• Add PCIe interface.  This is an interesting middle ground we don’t really have yet.  EMC tried to develop a product, but claimed it wasn’t required by customers, but perhaps they just did it wrong.  As we’ve seen with the acquisition of DSSD by EMC, this market is set to come alight again and in fact, with products like RONNIEE, PCIe connected storage may have a chance.
  • Add File interfaces.  I don’t think this one is a relevant discussion.  File support can be easily achieved by deploying a gateway in front of existing hardware – EMC, HDS, HP and others all do it.  This wouldn’t be a game changer.  File has a much lower I/O demand than block, so using all flash for file support would be a waste.
  • Add back-end bulk capacity.  This seems like another non-starter.  SolidFire have added cloud backup to their platform, but I’m yet to be convinced of the real benefit of this feature.
  • Explore TLC cold storage.  This is a possibility; but the difficult issue will be around the cost/benefit calculation.  TLC would have lower power demands than say 6TB drives, however drive capabilities are increasing continuously with 10TB on the horizon and tape capacities of hundreds of terabytes a real possibility.  TLC flash for cold storage probably won’t stack up as a viable option on its own.
  • Grow and Extend Software Capability.  This is the most likely area for opportunity.  Whilst we saw functionality move up to the hypervisor, with scale out server deployments that use NoSQL and Hadoop-style distributed storage, there’s the option to bring functionality (and intelligence) back into the array.  NetApp created one or two killer software features.  Pure needs to do the same.
  • Be leaders in product support.  This is another table stakes discussion.  Excellent support should be assumed rather than be a value add.  NetApp, HP, HDS and EMC have massive support organisations.  Matching these is simply keeping up with the competition.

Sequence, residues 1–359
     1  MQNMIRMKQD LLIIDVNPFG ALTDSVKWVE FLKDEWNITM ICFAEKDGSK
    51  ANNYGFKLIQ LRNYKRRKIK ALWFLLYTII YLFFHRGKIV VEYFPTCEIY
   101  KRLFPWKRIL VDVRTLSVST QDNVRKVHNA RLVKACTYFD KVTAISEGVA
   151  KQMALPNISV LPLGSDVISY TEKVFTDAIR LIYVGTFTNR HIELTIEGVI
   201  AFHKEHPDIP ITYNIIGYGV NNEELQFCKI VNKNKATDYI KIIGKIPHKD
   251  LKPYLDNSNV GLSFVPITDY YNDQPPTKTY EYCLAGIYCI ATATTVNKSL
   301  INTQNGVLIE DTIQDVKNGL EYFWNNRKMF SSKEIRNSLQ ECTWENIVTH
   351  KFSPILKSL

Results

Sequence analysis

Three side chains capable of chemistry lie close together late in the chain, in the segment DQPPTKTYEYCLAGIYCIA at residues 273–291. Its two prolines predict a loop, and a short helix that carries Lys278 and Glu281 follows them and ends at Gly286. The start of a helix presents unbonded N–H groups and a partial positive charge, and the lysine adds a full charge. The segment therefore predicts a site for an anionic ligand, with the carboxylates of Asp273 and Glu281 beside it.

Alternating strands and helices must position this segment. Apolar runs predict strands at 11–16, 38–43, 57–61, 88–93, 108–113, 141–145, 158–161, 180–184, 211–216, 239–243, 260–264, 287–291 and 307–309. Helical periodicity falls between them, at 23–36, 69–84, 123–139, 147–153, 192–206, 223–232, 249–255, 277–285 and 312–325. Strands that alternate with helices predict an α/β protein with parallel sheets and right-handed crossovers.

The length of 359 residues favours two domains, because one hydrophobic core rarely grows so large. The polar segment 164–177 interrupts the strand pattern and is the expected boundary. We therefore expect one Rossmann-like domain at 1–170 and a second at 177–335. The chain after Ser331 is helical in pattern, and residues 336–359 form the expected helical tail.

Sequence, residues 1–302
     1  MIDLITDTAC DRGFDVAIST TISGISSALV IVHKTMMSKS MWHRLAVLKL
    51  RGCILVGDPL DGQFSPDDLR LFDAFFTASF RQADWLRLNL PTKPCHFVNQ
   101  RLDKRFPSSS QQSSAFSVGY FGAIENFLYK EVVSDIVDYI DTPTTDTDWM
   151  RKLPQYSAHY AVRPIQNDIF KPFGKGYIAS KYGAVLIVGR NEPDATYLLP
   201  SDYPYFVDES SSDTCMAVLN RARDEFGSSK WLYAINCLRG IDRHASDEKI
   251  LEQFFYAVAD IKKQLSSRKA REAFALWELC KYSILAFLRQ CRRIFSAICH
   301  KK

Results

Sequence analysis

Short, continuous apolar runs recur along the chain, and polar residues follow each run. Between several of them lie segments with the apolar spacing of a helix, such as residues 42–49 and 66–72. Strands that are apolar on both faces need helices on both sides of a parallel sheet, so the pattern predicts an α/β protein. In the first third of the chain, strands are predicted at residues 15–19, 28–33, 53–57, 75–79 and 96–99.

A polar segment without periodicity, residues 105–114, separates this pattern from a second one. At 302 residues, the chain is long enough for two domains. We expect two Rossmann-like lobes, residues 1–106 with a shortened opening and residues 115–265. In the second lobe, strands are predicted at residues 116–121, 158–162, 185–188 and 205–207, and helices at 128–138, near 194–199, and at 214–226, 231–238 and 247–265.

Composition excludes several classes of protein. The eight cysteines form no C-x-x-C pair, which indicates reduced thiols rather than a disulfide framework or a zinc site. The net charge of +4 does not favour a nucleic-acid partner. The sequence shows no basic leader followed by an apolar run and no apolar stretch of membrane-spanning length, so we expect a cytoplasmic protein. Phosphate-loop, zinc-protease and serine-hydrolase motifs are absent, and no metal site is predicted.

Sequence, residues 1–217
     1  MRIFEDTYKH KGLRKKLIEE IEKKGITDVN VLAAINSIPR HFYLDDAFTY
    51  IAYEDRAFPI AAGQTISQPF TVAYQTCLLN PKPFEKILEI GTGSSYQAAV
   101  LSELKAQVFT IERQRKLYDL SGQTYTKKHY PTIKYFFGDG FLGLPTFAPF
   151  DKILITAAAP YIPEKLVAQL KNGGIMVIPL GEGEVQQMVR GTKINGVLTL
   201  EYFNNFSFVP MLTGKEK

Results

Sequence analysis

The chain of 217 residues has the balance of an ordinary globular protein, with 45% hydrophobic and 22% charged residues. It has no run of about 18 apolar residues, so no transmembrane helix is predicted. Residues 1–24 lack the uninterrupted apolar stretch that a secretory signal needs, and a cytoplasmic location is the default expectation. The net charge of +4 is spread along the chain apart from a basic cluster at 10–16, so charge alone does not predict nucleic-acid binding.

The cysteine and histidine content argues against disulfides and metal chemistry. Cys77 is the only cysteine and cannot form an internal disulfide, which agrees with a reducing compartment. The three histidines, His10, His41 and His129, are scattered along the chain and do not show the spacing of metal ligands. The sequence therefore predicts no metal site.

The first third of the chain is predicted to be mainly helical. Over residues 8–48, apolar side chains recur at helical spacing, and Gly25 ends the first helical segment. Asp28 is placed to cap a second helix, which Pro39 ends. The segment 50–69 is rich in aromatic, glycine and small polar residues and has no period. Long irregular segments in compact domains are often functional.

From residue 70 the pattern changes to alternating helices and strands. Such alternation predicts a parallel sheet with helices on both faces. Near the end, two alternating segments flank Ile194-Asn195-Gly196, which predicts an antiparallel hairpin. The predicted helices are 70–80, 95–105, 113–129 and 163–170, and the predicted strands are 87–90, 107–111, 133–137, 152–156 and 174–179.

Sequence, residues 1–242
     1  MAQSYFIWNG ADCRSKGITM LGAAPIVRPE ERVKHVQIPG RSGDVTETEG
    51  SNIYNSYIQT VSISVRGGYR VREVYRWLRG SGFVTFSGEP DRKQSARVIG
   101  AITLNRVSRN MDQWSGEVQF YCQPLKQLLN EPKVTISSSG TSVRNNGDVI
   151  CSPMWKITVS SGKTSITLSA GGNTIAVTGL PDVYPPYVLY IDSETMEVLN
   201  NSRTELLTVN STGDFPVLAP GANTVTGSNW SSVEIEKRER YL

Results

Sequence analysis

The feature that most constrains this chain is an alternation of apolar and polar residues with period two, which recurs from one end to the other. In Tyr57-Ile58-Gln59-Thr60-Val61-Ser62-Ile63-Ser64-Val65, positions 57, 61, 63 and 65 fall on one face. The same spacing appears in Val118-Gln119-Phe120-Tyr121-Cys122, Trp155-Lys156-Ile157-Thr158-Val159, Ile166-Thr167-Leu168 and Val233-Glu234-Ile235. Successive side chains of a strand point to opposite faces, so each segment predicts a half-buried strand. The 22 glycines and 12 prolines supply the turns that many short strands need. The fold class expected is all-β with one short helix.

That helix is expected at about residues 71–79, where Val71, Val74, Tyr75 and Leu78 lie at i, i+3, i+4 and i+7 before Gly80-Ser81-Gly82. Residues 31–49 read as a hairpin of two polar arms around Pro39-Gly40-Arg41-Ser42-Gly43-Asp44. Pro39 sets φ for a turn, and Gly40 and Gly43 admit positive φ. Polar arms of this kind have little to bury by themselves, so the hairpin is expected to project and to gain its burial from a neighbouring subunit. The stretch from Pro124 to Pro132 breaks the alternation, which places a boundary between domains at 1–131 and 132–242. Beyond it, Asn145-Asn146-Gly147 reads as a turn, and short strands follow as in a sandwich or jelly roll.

• Continue extrovert marketing.  Well this process works for EMC, who have the most “creative” storage marketing teams on the planet.  However even that isn’t working as well as they would like, as recent results have shown.

This list doesn’t include acquisition and doesn’t discuss partnerships.  NetApp have a wide partner ecosystem and are trying desperately to give their products relevance by forging alliances with cloud vendors.  Acquisition must surely be an option for Pure, even if its not their primary one.  Assuming they really, really don’t want to be acquired, what’s left?


One area that Chris hasn’t discussed is diversification.  Initially Pure could diversify across the market and release scale out, NAS and even object support.  However the big question is whether a new storage company can ever survive selling just storage hardware.  The decade that started at the turn of the new millennium (from 2000 onwards) were the golden years for siloed IT functions (server & O/S, storage, networking), but virtualisation changed that.  Software Defined Data Centres (SDDC) as they evolve will change that again and being a single tower vendor doesn’t look like a long term business.  EMC, HP, HDS, IBM & Dell are all diversified businesses.  NetApp isn’t and although they are big, that lack of real diversification is still their weak spot.

The Architect’s View™

Pure will do well for a number of years as they take business from the ailing high-end storage market.  However that market is shrinking as lower cost hardware becomes more reliable.  Platforms like VSAN are in their early years and they surely will develop, as will the open source market, as companies like Red Hat promote Ceph and GlusterFS.  Diversification and innovation will be the key.  I for one am looking forward to seeing what Pure announce this time next year in their attempt to continue the growth of their business.

Related Links

Pure Storage sets out stall: We want to rule the storage world (The Register, 19 May 2014)